I was scanning through the news last week, and there was a really good transcription of the exchanges during the house agricultural committee with the Minster of Agriculture and Agri-Food, Marie Claude Bibeau. Some things really stood out to me from the transcript that showcase a problem as it sits today.
What I’ve noticed is that the government in the last six to nine months has not changed any of its messaging when it comes to agriculture. The same things that Ag Minister Marie-Claude Bibeau has been saying during this pandemic are the same things she has been saying for six to nine months. Whether its grain, livestock, mushrooms, or fruit and vegetables, the canned responses are the same.
As an example, when asked about support for financially hurt farmers during the COVID-19 pandemic, Minister Bibeau said that agriculture producers have access to the general Canada Emergency Business Account (the CEBA program), which offers up to $40,000 in interest free loans, $5 billion in loans through Farm Credit Canada, an array of business risk-management programs like AgriInvest, AgriStability, and other loans that are available for most sectors through commercial banks. Conservative Shadow Minister for Agriculture, John Barlow, said most producers do not quality for any of those programs, or the amounts are woefully inadequate — I think Barlow is hitting the nail on the head with that one.
Minister Bibeau said she recognizes the situation for producers as critical, and business risk-management programs still exist (such as AgriInvest and AgriStability), which are jointly managed by federal, provincial, and territorial governments; and producers can also ask for advance payments. Minister Bibeau says she is working to bring additional measures to support the various sectors, but it’s too soon for her to be making any announcements. Bibeau said that farmers should be focusing on accessing BRM programs, though acknowledged that while they may not be perfect, the department is working with the provinces to improve them.
Sound familiar? It’s nearly the same messaging the federal department stuck with going on over a year into the blocked canola shipments to China, and market disruption impacts to pulses, soybeans and hogs.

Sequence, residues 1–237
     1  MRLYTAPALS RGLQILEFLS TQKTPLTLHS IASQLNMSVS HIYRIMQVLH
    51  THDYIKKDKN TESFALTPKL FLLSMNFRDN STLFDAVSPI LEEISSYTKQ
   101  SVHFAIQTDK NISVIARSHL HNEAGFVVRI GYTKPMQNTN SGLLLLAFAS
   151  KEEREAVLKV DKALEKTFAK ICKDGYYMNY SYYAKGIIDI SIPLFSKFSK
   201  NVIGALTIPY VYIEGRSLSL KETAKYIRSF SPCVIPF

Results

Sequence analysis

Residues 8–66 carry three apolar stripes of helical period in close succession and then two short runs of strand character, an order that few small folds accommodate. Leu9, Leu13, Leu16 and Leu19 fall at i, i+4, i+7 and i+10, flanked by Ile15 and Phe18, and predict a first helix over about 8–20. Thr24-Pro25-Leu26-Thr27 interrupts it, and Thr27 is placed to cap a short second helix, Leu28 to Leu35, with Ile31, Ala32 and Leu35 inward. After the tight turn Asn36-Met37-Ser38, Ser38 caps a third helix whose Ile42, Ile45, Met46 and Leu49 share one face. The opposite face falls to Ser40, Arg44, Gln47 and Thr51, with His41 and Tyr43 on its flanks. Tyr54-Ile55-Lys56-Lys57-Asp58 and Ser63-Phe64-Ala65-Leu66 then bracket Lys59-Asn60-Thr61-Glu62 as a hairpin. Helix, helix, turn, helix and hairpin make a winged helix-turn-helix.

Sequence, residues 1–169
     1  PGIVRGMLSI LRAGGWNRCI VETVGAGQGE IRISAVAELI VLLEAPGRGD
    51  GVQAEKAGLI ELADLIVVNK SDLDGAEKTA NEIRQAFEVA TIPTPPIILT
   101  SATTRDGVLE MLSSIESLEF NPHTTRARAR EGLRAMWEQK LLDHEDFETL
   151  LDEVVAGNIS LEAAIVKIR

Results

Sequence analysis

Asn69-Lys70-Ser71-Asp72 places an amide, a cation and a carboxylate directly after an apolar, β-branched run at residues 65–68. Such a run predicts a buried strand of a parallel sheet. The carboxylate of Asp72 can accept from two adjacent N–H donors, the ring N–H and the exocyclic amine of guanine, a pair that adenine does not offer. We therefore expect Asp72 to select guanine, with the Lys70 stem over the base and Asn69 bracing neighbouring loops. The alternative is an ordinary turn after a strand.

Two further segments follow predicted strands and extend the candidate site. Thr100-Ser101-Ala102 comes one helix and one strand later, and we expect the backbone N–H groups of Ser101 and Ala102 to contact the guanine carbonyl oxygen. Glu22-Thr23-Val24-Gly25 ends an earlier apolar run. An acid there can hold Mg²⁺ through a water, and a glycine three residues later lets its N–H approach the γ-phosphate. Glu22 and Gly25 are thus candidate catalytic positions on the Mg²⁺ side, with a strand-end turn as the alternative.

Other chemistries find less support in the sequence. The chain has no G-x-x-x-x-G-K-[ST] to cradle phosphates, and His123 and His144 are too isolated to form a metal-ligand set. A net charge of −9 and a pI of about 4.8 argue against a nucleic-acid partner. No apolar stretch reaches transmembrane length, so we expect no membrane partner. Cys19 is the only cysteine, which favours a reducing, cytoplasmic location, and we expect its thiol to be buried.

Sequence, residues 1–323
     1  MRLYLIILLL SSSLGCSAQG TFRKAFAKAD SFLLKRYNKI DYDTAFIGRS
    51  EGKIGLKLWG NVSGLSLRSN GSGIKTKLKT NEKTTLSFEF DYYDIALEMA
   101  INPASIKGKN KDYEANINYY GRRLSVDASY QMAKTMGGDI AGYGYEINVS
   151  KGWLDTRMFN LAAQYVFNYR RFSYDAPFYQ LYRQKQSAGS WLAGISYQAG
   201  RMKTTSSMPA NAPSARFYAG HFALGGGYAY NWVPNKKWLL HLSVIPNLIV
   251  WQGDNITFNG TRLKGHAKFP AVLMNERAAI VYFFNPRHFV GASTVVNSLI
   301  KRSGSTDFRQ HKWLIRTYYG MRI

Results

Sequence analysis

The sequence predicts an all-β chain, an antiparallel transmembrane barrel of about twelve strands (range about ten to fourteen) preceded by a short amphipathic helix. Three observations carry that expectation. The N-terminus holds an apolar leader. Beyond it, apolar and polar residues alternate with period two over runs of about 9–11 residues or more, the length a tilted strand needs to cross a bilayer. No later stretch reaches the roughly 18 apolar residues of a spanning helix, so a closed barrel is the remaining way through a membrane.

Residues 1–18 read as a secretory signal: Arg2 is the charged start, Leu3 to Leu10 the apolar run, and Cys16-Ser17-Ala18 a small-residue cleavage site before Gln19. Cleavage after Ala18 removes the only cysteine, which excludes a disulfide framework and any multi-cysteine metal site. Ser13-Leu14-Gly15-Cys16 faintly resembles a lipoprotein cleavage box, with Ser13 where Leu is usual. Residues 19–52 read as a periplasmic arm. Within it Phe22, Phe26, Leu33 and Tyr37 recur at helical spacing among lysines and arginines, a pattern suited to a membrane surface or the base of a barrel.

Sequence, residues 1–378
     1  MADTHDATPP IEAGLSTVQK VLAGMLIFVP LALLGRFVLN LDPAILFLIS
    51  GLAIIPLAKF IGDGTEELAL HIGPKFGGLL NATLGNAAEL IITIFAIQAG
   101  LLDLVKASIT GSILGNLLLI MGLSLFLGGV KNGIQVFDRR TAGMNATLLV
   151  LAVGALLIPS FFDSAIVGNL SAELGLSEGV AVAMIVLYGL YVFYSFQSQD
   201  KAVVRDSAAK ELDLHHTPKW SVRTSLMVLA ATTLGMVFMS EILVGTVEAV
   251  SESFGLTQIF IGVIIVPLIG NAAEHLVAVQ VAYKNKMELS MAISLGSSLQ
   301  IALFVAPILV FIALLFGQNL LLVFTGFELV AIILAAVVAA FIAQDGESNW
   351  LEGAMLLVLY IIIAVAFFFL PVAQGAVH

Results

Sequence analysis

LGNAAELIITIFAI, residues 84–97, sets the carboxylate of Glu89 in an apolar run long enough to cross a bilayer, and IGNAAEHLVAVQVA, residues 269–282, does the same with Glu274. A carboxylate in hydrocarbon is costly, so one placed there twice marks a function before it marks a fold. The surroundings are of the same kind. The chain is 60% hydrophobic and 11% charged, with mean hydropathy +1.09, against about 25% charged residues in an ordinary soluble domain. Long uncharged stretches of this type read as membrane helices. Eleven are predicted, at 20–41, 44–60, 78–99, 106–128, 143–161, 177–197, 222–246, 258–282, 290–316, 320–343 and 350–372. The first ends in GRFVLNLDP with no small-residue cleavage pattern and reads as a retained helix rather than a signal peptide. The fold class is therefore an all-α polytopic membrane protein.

This is what punting on first down looks like. I don’t put all the fault on the minister; these are the talking points that the government has provided. But they are not changing. They are the same. The question is: is it enough? Is it enough to save some of the livestock sector? The fruit and vegetable sector? The mushroom growers? Is it enough?
Why can’t the government just say “no” to all these requests instead of “we’re looking into it”? Whether it’s the Canadian Pork Council’s request for $20 a head, or the Canadian Cattlemen’s Association’s request for a set aside program, or the Canadian Federation of Agriculture’s request for a $2.6 billion emergency fund, this kicking the can and basically punting the football on the first down needs to stop.
I think what we need is a little more decision making — it doesn’t have to be yes all the time — but at least say no. That’s where we are today. If the government was going to say no on the CCA set aside, just say it three weeks ago. Don’t pretend that you’re looking at it or that it’s a possibility if it’s not. At least with a no, we can move forward. This current inaction in a time of epic crisis should be very concerning to everyone out in the agricultural sphere.
Should we be relying on $5 billion of more debt through FCC? For many in the livestock sector getting through this turn is a major concern and adding debt to the pile may not really assist in the long run. The grain sector is in much better shape with railways excelling with movement, the Canadian dollar falling, and commodity prices performing much better than the protein complex.
Agriculture went from saying agriculture’s important, farming’s important, ranching’s important; and now they’ve changed all that to food and food security — making sure that the grocery store shelves have food. But even that isn’t changing the narrative of the government, and that’s concerning for me, and I think that needs to change here in very quick short order.